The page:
Production Process


The production process is a component appearing under the operating plan of the overall business plan.  The production process is the process a product or service takes in order for it to become ready for customers to buy.  Production will certainly depend on the type and nature of your proposed business. Generally, a manufacturer will have a more sophisticated production process compared to a retailer or service provider. This is not to say that retail and service based businesses are simple, but rather, these types of businesses usually require fewer "processes".

The production process of a manufacturer, in its simplest form, may consist of the following steps.

      • 1.   Fabrication (where individual parts are made into raw materials)
        2.   Assembling the raw materials into finished products
        3.   Quality Control (inspections)
        4.   Testing of finished products
        5.   Packaging the finished products
      6.   Shipping the finished products to retailers, wholesalers, etc.

The above items are major events that occur when manufacturing a typical product. But many other, smaller events may occur during the production process and can be briefly described in the Operating Plan. For example, welding, machinery setup, heating, molding, cooling, wiring, sodering, melting, bending, scratching, drying and cutting, just to name a few. When writing the production process section of the operating plan, a manufacturer must carefully explain each step of the process so that the business plan reader fully understands how the product will be produced.  When explaining the production process in the operating plan, try to avoid technical jargon or terms only people within the industry would know. In addition, try to be concise and to the point - you do not want to bore the reader.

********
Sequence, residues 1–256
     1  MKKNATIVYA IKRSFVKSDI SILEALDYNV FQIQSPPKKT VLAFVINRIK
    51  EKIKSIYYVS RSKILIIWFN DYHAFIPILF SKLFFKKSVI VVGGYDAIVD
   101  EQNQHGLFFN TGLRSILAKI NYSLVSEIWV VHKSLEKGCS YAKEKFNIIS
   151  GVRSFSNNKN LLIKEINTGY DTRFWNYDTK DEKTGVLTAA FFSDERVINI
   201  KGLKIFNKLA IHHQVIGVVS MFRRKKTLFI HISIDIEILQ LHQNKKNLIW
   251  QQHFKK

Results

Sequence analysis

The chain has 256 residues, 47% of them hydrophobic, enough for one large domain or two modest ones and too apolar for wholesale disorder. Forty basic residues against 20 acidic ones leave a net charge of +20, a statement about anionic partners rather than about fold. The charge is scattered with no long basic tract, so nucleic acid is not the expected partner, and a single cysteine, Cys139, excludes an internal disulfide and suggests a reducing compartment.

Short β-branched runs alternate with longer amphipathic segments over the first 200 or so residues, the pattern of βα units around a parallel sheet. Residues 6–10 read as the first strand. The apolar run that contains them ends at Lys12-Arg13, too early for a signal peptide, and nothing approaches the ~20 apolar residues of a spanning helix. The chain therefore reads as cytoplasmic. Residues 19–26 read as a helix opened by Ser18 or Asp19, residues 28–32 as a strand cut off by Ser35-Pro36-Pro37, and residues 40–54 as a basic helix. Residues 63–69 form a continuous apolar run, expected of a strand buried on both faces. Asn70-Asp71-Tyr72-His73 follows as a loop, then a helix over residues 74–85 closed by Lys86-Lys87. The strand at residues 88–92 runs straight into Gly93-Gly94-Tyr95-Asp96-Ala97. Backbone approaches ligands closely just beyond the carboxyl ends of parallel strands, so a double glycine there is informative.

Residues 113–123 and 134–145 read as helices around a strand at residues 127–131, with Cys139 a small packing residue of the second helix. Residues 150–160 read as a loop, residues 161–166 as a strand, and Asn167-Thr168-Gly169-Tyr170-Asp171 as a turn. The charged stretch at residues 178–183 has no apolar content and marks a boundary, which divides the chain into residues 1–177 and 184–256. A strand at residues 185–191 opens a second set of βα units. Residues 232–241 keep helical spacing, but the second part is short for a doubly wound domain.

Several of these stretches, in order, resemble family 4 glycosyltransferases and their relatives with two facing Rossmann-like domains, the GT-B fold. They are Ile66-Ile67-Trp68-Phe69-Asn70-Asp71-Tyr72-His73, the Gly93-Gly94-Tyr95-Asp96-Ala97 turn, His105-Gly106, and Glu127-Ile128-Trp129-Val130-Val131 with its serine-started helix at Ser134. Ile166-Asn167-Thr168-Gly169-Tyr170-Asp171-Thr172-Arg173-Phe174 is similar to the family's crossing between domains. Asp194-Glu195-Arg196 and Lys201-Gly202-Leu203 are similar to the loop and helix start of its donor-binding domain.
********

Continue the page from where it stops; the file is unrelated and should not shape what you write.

As mentioned earlier, the production process is usually less demanding for retailers and service providers. For example, a clothing retailer would simply purchase their products from a supplier, unpack the products as they are shipped, place the products in storage, place the products on the shelves as they are needed, and finally sell the products. This process is so obvious that many retailers write a one sentence description in the operating plan to describe their production process. In addition, such retailers would also discuss one or two major aspects of the process, such as inventory control and ordering.

In conclusion, if you are planning on establishing a retail business or a service business, simply provide in your operating plan a one sentence description of the production process and discuss your planned inventory practices and ordering policies.  Also, if you are proposing a unique production process or a structure different from your competitors, be sure to fully explain it.

For additional information relating to the Components of the Operating Plan, please refer to section named Operating Plan.

Categories: Operations